|The writing spider has a signature web that makes the species easy to identify. (Photo: Alan Howell © 2012 Star Path Images)|
Not on purpose, mind you. My aerobic exertions sometimes move from an indoor treadmill to the outdoors and a tangle of pathways that wrap around the surrounding neighborhoods. My earbuds wedged firmly in place, the volume on my iPod turned up loud enough for the bass to create some nice cranial reverb, I walked toward the road with my head already in the clouds.
I returned to Earth in a hurry, though, when I flew through a spider web strung between a pedestrian crossing sign and a maple branch. Come to think of it, the impromptu Elaine Benes dance moves inspired by contact with a cobweb made for a pretty good workout. Just not the one I’d planned.
The impact caused some turbulence in other plans as well — specifically, those of the writing spider (Argiope aurantia) I was destined to meet. All I had to do was pull wisps of skywriting off my face, hair and arms, and I was good to go. Charlotte faced a bigger clean up.
When people write in the sky, they use small, agile planes and a device that injects oil into the hot exhaust manifold, creating plumes of dense white smoke. It’s an inherently wasteful process and the results are ephemeral, to put it mildly; the message begins to blur within minutes. Spider webs are longer lasting — about 24 hours or so — but my eight-legged barnstormer is heavy into recycling. She ate yesterday’s draft last night and used it as the raw material for today’s composition. She does this nearly every night, and it’s a task that takes hours to complete. Now, thanks to me, instead of resting in her hammock all day waiting for dinner to be delivered, she’ll be busy scribbling for the second time in 12 hours.
Her nom de plume comes from a set of silky zigzags resembling text that she inscribes through the middle of a circular insect sieve up to 2 feet in diameter. Known as the stabilimentum, because it was originally thought to stabilize the structure (Latin just makes everything sound so much more consequential, doesn’t it?) her writing now gets mixed reviews. Some folks think insects are attracted to the bright lacing, the way they would be drawn to a flame or a porch light. Still others believe using a bold white font alerts large non-prey creatures to the presence of the web so they can avoid colliding with it. I realize I’m only one data point, but I’d like to suggest an exception to that second hypothesis: It doesn’t seem to work all that well for bipedal mammals.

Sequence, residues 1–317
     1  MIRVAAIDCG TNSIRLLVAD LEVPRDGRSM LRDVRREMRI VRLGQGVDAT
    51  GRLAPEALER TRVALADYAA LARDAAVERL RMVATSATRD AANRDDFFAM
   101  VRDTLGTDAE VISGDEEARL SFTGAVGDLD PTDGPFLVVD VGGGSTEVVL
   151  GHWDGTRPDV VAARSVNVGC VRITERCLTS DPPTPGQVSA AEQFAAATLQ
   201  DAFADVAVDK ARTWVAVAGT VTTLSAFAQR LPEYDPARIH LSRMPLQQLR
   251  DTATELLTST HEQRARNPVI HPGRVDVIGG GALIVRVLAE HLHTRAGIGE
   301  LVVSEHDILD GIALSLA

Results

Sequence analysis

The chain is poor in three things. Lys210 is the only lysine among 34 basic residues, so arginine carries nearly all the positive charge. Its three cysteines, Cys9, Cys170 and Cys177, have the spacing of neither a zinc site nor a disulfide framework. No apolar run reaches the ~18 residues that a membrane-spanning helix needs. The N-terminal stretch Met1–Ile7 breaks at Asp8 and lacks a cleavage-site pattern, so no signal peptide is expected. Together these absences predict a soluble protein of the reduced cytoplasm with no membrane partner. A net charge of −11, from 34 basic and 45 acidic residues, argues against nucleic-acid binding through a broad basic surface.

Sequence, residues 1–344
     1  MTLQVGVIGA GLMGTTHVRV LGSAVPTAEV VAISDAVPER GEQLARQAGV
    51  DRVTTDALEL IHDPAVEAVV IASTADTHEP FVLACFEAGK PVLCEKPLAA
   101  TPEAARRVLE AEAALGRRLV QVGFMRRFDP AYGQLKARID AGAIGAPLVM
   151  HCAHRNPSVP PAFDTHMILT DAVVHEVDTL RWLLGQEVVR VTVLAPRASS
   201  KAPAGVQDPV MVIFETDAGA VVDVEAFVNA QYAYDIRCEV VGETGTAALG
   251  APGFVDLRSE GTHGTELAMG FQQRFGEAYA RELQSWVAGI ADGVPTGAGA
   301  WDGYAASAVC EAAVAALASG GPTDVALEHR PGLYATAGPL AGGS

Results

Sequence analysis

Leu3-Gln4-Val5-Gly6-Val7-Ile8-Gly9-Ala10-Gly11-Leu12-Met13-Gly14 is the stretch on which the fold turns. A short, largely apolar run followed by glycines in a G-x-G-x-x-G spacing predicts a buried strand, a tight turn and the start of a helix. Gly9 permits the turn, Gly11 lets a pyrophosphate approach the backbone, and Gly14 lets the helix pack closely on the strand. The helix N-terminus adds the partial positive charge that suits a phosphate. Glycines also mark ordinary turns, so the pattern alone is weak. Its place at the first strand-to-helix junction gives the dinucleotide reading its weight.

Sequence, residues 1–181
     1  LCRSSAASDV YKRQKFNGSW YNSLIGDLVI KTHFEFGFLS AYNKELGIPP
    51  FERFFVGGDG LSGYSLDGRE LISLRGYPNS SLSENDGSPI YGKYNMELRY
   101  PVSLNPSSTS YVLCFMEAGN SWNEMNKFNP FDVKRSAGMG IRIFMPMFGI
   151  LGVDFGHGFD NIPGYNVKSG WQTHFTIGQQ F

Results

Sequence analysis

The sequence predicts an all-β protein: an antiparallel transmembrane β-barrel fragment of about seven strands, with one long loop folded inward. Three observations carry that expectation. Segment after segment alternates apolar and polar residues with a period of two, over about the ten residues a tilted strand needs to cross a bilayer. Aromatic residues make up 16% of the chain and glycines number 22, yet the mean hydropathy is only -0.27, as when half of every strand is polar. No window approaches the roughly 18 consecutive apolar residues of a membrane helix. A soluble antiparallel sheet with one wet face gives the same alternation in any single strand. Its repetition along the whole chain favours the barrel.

These highly visible orb weavers can’t see very well themselves, but they are attuned to air currents and web vibrations. The male (0.2-0.35 inches/5-9 mm) goes so far as to communicate with the much larger object of his affection (0.75-1.1 inches/19-28 mm) by plucking and strumming the strands of her web. This tells her the caller is a fella, not a feast. Then again, he may be both. Foellmer and Fairbairn (2003) report that A. aurantia males “invariably” die within seconds of copulating, not because the female kills them, but as a form of sex-triggered suicide (the lengths some men will go to avoid post-coital cuddling!).
Skywriting at 7,000 to 14,000 feet aims to grab the attention of spectators on the ground, usually to sell them something. When it’s done at 2 to 8 feet of elevation, it’s intended to capture and hold groceries — in the form of aphids, mosquitoes, wasps, bees, crickets, grasshoppers, and even dragon- and damselflies — long enough to bag ’em up.
An insect intersects with a web and the resident spider rushes to its side before an escape can occur. What happens next is gruesome, but that’s a bug’s life for you: a quick bite delivers paralyzing venom and begins to turn innards into soup (the substance is harmless to humans, by the way). Then, almost faster than the blink of an eye, spider feet are juggling the hapless intruder until it’s spinning like something out of Cirque du Soleil. When the stunt is complete she’s got a silk-wrapped burrito. Convenient, portable and ready-to-eat…the perfect snack for a calligrapher who writes and walks on air.
Dr. Kieran Lindsey loves looking for wild things in all the wrong places…so she became an urban wildlife biologist. Her quest to entice others to share this passion led to flirtations with (gasp!) the media as a columnist for the Houston Chronicle newspaper, as writer-producer-host of KUNM-FM’s Wild Things, as co-producer of an Emmy-winning wildlife documentary, and at her Next-Door Nature blog. Kieran also has way too much fun as the official Animal-Vehicle Biologist for NPR’s Car Talk, and she isn’t ashamed to admit it. Read her blog at www.nextdoornature.org. Contact her at firstname.lastname@example.org.